Despite the leadership efforts of companies like Comcast, whose new Spotlight unit is testing and deploying new forms of addressable TV advertising services, the fear on Madison Avenue is that cable and satellite TV gatekeepers ultimately may not need advertising to have a sustainable and lucrative business model.
To make sure that doesn't happen, the ANA initiative, which is being chaired by Unilever media chief Brad Simmons, and which is expected to involve many of the ANA's top TV committee members, is implementing a unique strategy that will amass the spending power of a group of major advertisers who will for the first time share their learning among themselves and with the industry at large.
"Some advertisers have tested some or all of the emerging models, but for proprietary reasons , the results are not widely shared. This inhibits the learning, which could accrue to all interested parties. Since little information from these trials is broadly shared, they are not gaining traction with the advertising community," wrote ANA president-CEO Bob Liodice in his blog this week. Liodice and other members of the ANA declined to comment on the status of the project until all of the members participating in the effort have signed off, but given the complexity of organizing the effort, it does not appear that the ANA will meet its initial goal of beginning some testing in the second quarter of this year.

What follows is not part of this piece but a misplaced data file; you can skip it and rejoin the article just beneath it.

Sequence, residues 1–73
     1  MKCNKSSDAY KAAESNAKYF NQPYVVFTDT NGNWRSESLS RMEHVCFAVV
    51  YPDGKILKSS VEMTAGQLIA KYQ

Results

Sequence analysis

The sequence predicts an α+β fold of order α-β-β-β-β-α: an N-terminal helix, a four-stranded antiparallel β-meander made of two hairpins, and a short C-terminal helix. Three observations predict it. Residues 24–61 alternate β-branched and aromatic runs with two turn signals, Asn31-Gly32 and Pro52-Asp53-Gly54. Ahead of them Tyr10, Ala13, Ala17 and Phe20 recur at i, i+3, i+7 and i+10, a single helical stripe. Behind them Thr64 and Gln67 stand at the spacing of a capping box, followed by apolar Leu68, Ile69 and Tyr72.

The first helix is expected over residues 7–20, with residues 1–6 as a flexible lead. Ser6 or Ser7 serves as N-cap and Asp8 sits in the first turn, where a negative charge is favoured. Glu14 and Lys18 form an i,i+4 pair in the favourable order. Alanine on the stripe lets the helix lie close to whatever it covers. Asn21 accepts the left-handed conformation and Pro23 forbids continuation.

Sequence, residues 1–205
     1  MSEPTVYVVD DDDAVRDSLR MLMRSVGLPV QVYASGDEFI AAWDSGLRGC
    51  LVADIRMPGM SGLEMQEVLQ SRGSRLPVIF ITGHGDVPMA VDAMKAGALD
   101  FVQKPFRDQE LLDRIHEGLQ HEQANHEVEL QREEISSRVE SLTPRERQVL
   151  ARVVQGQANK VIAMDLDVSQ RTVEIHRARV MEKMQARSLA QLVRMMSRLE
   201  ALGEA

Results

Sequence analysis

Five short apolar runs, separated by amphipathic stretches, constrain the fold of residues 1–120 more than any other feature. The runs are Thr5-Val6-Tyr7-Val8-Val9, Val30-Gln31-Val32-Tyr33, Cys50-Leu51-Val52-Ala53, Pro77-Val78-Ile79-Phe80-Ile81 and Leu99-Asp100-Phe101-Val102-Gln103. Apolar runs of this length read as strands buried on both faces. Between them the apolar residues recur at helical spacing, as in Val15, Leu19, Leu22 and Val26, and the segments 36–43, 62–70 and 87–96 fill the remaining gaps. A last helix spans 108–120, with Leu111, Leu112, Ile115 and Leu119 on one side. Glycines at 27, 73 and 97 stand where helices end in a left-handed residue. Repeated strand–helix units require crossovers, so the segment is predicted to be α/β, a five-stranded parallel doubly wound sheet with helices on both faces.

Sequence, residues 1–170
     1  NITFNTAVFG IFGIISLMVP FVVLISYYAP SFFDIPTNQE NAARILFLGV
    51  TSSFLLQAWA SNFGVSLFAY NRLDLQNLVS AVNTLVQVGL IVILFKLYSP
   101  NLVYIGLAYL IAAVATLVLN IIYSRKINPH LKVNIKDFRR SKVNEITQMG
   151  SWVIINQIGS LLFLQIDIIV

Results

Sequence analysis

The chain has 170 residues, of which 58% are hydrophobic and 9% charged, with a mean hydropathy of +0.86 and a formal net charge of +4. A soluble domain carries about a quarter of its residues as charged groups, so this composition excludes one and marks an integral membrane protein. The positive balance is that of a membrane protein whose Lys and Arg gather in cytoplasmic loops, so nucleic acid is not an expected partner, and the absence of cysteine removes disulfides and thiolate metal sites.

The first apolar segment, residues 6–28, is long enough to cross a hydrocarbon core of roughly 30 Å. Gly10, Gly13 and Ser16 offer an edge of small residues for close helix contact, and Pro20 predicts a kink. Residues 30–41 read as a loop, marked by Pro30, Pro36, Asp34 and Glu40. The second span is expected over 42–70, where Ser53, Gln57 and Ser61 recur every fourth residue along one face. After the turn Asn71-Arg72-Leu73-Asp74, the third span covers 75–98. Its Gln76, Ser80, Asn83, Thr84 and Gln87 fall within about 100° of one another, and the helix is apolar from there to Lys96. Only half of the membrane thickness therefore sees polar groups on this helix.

That's not because of a lack of interest in the project. At least a dozen ANA members are expected to participate in so-called "test cells" that could last upward of a year each. The findings of those tests will be measured, shared and redeployed in ways to gain additional insights, and ideally, the involvement of additional players.
To date, the ANA effort has been leaning heavily on one outside player, Carat Digital executive Mitch Oscar, who also manages his own consultancy Hocus Focus. Oscar has been the main point person on the project, but the ANA is believed to have been solicited by and has reached out to a number of outside players, and is said to be considering the involvement of yet another high-level enhanced TV guru, or maybe even a big research group such as the Yankee Group or Forrester Research, to play a role.
Another big question that has yet to be resolved, is the potential role of an advisory committee that would be comprised of other knowledgeable executives from top Madison Avenue agencies, such as Starcom MediaVest's Tim Hanlon, or players from technology, entertainment and media companies. The ANA is expected to form such a committee, but doesn't want to formalize the idea until it can be presented to members participating in the project, most likely during the initial agenda meeting.
Other players who have been actively involved, include Art Cohen, a long-time interactive TV executive, who is also the head of the Interactive Television Association; as well as Shelly Palmer, a television programming producer who is head of the advanced television committee of the New York chapter of the National Association of Television Arts & Sciences.